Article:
Marriage, Employment Participation and Home Production in Search Equilibrium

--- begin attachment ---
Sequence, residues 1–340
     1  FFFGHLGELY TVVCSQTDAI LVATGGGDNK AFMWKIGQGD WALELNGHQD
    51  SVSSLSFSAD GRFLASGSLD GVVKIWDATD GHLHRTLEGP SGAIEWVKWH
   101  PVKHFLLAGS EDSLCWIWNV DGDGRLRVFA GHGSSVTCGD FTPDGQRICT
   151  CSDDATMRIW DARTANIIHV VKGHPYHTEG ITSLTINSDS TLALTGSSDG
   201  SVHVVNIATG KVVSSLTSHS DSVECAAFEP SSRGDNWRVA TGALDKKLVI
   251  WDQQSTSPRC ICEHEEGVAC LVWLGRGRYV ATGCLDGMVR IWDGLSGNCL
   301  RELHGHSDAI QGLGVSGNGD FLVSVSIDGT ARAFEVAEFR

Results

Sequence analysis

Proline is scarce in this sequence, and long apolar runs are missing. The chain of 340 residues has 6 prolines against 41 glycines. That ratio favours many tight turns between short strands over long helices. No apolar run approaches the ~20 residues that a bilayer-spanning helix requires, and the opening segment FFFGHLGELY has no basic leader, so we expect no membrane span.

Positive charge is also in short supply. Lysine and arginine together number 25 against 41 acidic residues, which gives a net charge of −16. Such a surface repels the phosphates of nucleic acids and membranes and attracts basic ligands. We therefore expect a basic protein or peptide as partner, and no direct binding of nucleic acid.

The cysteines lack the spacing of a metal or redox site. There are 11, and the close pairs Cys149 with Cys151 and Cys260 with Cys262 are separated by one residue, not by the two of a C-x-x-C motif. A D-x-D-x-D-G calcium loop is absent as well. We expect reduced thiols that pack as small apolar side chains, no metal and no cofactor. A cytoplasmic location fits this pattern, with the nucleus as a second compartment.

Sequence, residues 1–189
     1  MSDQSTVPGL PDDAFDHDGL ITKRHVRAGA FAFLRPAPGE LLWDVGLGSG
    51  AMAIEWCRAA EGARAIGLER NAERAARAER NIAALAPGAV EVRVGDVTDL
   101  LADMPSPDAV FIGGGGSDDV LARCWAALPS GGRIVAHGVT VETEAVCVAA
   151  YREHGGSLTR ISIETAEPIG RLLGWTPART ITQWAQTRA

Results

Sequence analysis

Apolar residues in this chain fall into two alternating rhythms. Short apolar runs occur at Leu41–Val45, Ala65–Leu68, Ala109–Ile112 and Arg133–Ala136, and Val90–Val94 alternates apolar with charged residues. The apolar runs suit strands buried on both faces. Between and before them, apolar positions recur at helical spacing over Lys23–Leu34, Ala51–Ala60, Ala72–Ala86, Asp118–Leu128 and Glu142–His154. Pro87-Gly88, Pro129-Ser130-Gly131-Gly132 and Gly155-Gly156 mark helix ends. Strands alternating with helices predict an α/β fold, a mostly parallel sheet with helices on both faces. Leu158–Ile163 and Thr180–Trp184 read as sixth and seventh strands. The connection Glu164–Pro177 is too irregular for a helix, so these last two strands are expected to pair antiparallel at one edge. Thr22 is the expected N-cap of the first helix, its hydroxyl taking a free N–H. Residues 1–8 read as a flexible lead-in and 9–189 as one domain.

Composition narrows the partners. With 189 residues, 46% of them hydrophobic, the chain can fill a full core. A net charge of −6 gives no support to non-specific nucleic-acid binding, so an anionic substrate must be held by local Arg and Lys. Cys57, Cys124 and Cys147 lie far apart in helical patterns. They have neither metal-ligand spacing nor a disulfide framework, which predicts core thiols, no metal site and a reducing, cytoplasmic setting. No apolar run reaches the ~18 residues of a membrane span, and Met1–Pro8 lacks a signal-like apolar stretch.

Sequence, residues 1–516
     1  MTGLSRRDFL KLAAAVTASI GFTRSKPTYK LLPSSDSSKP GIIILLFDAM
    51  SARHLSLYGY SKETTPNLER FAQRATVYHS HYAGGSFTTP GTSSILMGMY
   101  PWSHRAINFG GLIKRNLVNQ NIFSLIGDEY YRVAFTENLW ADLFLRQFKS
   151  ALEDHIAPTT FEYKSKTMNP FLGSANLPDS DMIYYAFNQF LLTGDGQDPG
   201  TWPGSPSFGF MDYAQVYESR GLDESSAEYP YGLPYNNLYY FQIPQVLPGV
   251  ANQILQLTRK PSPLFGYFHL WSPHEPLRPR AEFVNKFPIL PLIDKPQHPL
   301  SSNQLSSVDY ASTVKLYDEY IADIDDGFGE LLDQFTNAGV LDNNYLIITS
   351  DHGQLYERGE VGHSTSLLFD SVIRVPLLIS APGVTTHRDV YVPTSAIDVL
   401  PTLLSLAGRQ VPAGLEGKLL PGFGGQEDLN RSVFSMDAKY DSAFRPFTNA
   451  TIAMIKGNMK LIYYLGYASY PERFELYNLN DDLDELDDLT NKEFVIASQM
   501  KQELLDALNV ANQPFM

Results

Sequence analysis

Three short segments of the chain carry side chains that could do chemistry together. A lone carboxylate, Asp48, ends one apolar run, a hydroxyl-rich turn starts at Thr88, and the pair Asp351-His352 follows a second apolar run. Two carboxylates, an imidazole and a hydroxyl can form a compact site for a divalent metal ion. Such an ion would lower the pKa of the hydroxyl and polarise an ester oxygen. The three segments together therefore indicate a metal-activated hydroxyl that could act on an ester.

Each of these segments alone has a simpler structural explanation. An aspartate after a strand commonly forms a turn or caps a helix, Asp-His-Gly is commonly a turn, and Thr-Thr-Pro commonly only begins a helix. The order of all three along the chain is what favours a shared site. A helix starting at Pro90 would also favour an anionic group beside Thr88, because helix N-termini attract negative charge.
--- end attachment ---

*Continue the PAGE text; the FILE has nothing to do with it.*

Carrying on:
We model a marriage market where singles consider the prospects of employment and income of their potential spouses, and married couples make joint decisions on home production and labor participation. This double interaction between the marriage and labor markets is affected by search frictions in both. We characterize the job search strategies of different couples; equal individuals have different behaviors depending on their spouses. When the search for mates is easy, people marry others with very similar productivity, and both spouses have the same behavior in the labor market. This natural outcome is socially inefficient as it takes some high productivity people off the labor market and viceversa. It also expands income distribution. Some empirical findings in the labor literature are supported theoretically here.